Dr. Taison Bell, the director of the medical intensive care unit at the University of Virginia in Charlottesville, was doing rounds in the COVID-19 ICU, caring for about 20 patients, when he noticed that his unit was full almost entirely of Black and Latinx people, despite the fact that Charlottesville is 70% white.

Bell, who grew up just an hour away from the hospital, says he "just couldn't escape the thought of this virus disproportionately killing people in my community."

Democrats and Republicans are reacting to news that former Vice President Joe Biden and California Sen. Kamala Harris were elected to the White House on Saturday, narrowly defeating President Trump in an election that hinged on several swing states.

On Sunday and Monday, families across Mexico, the U.S. and elsewhere are observing Día de los Muertos, or Day of the Dead, a Mexican holiday that celebrates the lives and honors the memory of those who've passed on.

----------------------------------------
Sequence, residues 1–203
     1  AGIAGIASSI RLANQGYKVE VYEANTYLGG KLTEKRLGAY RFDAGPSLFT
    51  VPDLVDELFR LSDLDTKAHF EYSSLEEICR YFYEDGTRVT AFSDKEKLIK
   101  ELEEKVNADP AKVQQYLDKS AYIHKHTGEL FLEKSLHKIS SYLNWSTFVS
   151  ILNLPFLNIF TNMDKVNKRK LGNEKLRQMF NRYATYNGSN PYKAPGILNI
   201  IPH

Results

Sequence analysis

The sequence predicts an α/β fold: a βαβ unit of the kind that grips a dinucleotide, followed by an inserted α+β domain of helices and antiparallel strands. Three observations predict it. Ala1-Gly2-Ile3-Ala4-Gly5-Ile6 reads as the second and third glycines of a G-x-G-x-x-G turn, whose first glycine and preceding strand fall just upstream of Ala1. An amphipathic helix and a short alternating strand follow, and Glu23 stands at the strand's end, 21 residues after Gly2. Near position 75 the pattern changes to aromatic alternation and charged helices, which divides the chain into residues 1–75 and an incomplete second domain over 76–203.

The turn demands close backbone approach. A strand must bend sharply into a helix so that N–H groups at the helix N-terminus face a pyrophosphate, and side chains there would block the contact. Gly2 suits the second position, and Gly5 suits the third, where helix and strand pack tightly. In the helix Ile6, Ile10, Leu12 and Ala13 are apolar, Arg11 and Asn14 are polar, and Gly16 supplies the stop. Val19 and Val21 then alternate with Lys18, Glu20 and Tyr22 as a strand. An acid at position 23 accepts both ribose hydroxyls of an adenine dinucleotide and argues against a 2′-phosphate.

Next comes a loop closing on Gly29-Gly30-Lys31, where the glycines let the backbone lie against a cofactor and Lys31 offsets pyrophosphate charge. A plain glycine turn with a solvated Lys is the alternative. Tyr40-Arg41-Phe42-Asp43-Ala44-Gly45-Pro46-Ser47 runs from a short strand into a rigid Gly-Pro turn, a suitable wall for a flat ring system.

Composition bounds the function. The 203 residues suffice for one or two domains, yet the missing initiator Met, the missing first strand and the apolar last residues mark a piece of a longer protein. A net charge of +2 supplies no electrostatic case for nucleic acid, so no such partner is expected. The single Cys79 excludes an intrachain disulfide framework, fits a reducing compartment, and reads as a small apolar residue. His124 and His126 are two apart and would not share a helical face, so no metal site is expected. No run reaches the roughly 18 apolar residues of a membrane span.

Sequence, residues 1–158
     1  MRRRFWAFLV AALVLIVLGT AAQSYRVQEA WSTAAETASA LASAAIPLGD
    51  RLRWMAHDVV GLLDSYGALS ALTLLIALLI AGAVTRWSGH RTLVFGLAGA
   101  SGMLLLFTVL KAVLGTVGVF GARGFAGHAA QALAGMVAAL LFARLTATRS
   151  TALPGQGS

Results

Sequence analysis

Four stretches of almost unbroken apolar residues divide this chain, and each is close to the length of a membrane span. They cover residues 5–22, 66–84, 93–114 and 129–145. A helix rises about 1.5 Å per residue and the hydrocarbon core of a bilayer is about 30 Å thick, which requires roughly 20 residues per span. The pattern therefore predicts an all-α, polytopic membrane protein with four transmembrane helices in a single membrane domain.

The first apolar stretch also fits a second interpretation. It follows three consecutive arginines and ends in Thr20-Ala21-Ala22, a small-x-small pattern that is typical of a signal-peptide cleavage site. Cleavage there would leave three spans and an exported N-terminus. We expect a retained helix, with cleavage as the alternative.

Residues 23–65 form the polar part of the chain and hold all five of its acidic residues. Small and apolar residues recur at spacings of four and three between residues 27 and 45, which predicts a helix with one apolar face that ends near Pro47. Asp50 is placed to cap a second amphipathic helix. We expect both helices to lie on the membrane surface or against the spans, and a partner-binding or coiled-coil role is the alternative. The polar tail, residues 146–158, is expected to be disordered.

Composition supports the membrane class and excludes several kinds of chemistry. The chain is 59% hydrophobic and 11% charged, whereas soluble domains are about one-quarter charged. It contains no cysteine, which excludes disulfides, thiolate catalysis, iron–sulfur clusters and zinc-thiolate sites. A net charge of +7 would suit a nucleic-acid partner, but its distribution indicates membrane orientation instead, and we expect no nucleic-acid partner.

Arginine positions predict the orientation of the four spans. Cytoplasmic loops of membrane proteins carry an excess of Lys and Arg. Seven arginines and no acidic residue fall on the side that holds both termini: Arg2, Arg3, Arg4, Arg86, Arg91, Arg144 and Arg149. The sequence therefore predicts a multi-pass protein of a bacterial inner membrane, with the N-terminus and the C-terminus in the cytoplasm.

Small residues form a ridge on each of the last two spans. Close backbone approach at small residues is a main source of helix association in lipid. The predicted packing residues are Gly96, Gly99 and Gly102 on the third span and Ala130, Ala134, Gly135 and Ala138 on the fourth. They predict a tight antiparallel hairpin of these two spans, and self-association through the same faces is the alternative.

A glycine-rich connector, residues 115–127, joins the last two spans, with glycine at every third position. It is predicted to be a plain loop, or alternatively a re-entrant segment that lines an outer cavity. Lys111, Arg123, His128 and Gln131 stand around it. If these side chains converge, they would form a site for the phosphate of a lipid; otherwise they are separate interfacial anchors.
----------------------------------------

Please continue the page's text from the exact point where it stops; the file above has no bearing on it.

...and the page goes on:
And each year, the National Museum of Mexican Art in Chicago has a special exhibition for the holiday.

But the coronavirus pandemic has made the usual programming impossible. This year, the museum is going virtual, with a Day of the Dead exhibition that pays tribute to the people in Mexico, the U.S. and around the world who have died of COVID-19.

As the nation careens into the 2020 presidential election amid a damaged economy and a surging pandemic that has infected more than 9 million people and killed more than 230,000, Americans are facing historic division.

As cold weather envelops Illinois, the state is experiencing a massive upsurge in coronavirus cases, part of a trend across Midwest states.

Ambassador John Bolton, who worked as national security adviser to President Trump from 2018 to 2019, told NPR's All Things Considered that he does not believe the United States is safer today than it was four years ago.